The IA solution comprises a high concentration of one or more chaotropic agent (denaturant). Suitable chaotropic agents include urea, sodium bromide, guanidine hydrochloride, KCNS, potassium iodide and potassium bromide. While any denaturant can be used, the preferred denaturant is urea, at a concentration of about 0.5 M, preferably 2.5 M, or higher. The urea concentration is more preferably about 3.5 M or higher, still more preferably at least about 5.0 M or higher. Comparable protein unfolding concentrations of other denaturants can be substituted for urea. The IA solution additionally comprises one or more reducing agents, such as dithiothreitol (DTT), dithioerythreitol (DTE) or β-mercaptoethanol. The concentration of the reducing agent in the IA solution can range from about 0.05 mM to about 100 mM. In preferred embodiments, the reducing agent is DTT at a concentration from about 5 to about 10 mM. The IA solution additionally comprises a buffer such as Tris-HCl or Tris-acetate. The buffer concentration is preferably from about 10 to about 50 mM and its pH ranges from about 6.5 to about 8.5. In preferred embodiments, the buffer is Tris-HCl at about 10 mM and about pH 7. The IA solution further comprises one or more divalent cation chelators. Nonlimiting examples of chelators include citric acid, saccharic acid, ethylene-diaminetetraacetic acid (EDTA), nitrilotriacetic acid (NTA), hydroxyethylenediamine-triacetic acid (HEEDTA), ethylenediaminedi-[o-hydroxyphenylacetic acid] (EDDHA), ethyleneglycolbis (2-aminoethylether) tetra-acetic acid (EGTA), diethylenetriaminepentaacetic acid (DTPA), 1,2-diaminocyclohexanetetraacetic acid (DCTA), N,N-bishydroxyethylglycine, and N-hydroxyethylimino-diacetic acid (HIMDA) and salts thereof. The preferred chelator is EDTA or EGTA, and its concentration is from about 0.1 mM to about 5 mM.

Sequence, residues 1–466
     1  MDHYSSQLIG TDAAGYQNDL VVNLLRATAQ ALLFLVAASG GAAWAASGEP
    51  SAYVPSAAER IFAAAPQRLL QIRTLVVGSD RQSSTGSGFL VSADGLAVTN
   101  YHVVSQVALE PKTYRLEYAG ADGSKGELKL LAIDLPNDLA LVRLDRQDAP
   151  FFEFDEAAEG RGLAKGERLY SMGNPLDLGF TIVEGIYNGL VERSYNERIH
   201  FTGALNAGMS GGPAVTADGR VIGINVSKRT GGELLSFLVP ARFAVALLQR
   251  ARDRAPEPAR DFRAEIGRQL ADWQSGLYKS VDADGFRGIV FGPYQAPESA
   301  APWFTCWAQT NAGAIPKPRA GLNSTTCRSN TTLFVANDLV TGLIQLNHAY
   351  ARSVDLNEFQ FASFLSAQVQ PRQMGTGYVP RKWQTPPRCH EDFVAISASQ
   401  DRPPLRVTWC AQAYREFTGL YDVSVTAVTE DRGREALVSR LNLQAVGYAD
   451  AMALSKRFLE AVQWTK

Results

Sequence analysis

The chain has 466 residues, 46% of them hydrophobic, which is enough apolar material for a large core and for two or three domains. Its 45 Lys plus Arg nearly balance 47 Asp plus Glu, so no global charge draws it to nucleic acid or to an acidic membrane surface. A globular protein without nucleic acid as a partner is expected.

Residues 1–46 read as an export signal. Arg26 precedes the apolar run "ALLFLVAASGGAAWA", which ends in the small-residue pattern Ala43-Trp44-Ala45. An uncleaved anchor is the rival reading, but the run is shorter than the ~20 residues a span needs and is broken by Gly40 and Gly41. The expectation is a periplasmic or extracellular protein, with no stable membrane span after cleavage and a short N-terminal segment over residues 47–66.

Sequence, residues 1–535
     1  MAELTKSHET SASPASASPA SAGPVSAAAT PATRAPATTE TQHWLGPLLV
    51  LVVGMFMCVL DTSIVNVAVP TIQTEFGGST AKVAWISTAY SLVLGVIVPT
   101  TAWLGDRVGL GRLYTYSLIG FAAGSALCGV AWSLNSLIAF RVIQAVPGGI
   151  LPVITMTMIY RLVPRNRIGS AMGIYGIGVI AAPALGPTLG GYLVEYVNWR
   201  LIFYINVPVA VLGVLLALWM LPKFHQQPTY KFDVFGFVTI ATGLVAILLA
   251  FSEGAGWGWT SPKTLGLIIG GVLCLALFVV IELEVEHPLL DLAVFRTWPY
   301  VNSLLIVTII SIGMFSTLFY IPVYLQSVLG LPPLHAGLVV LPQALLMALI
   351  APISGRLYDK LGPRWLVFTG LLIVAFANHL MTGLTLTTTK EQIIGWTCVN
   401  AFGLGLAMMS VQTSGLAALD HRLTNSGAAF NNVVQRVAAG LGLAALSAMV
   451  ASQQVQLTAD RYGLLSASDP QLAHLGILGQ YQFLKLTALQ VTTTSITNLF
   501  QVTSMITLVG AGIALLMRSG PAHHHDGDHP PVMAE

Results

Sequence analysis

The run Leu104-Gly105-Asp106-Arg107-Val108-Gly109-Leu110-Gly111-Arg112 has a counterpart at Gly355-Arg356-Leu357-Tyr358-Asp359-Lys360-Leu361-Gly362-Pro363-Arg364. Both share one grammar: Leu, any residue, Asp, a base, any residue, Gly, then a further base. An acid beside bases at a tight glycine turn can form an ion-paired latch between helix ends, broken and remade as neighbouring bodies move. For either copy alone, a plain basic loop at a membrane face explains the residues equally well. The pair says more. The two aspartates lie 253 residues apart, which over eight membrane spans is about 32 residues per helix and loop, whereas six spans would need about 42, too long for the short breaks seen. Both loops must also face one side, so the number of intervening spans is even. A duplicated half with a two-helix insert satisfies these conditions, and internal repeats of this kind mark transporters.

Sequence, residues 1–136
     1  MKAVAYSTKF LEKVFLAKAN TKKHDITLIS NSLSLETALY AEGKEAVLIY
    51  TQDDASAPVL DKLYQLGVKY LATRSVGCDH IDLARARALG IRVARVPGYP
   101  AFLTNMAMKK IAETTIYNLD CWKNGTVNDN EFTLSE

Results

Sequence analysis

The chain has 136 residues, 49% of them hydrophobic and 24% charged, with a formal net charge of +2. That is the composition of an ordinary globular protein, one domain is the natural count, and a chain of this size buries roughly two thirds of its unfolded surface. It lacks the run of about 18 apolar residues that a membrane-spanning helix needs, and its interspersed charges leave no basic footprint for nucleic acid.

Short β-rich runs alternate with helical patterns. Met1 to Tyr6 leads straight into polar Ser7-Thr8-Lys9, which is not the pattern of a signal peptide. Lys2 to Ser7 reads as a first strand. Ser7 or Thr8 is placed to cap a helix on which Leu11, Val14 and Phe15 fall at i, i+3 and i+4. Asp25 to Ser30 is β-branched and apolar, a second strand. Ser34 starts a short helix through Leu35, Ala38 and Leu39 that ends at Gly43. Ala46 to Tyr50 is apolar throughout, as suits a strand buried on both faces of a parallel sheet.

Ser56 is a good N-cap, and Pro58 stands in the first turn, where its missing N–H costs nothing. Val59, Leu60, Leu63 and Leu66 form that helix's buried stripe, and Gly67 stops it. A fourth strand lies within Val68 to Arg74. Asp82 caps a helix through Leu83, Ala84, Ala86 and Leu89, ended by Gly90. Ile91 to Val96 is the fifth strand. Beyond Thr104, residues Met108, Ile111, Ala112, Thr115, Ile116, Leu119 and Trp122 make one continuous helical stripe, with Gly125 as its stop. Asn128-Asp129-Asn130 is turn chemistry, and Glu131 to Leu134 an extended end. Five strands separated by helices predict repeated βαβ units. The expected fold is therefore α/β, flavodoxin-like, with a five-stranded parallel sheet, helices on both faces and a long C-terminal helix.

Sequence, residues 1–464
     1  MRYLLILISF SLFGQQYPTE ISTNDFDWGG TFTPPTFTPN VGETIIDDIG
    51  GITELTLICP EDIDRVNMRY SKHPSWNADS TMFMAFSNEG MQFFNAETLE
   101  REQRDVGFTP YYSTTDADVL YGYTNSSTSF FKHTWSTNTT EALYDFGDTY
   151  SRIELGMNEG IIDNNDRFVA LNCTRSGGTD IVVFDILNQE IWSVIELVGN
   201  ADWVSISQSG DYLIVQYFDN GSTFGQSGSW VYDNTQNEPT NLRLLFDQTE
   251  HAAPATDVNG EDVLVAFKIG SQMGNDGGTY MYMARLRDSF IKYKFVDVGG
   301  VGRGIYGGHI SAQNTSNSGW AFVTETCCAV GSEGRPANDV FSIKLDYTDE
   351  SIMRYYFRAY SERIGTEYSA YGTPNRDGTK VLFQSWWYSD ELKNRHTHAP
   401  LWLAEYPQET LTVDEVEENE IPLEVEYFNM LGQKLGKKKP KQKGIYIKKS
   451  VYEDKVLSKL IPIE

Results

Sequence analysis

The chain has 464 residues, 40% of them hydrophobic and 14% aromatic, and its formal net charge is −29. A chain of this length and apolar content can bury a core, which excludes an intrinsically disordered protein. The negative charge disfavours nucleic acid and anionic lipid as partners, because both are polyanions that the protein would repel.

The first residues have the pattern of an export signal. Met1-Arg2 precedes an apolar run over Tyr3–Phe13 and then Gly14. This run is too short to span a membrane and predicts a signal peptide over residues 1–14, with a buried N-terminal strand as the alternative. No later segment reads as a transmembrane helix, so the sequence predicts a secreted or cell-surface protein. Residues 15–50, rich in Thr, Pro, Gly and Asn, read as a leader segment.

The assembly of the fibrin monomer, fibrin-homolog, fibrinogen-analog and their precursors from their constituent chains in the IA solution proceeds by a removal of the denaturant and the reducing agent. Any method known in the art can used to effect the removal. The removal can be achieved through stepwise dialysis of 5 or more equal steps to a final buffered solution devoid of the denaturant and reducing agent (e.g., a 5 equal-step dialysis from a 5 M urea, 15 mM DTT IA solution would consists of dialyzing, sequentially, against solutions containing 4 M urea, 0 mM DTT; 3 M urea, 0 mM DTT; 2 M urea, 0 mM DTT; 1 M urea, 0 mM DTT; and 0 mM urea, 0 mM DTT. In some embodiments a continuous gradient dialysis system can be used.